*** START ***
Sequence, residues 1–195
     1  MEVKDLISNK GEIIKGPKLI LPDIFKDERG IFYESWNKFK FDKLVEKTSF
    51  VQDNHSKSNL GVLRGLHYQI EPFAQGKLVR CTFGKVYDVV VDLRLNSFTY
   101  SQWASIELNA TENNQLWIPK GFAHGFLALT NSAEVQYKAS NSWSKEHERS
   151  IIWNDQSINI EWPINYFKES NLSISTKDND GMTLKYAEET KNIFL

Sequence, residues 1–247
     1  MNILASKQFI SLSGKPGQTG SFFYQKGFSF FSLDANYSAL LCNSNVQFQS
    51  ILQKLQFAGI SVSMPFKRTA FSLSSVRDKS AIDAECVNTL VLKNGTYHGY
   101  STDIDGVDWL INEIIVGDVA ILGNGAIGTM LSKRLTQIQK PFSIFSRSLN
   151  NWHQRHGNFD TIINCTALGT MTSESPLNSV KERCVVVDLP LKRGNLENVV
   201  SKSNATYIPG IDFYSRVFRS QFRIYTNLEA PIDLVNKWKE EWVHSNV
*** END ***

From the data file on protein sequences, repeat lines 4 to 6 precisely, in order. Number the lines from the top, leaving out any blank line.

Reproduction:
   101  SQWASIELNA TENNQLWIPK GFAHGFLALT NSAEVQYKAS NSWSKEHERS
   151  IIWNDQSINI EWPINYFKES NLSISTKDND GMTLKYAEET KNIFL

Sequence, residues 1–247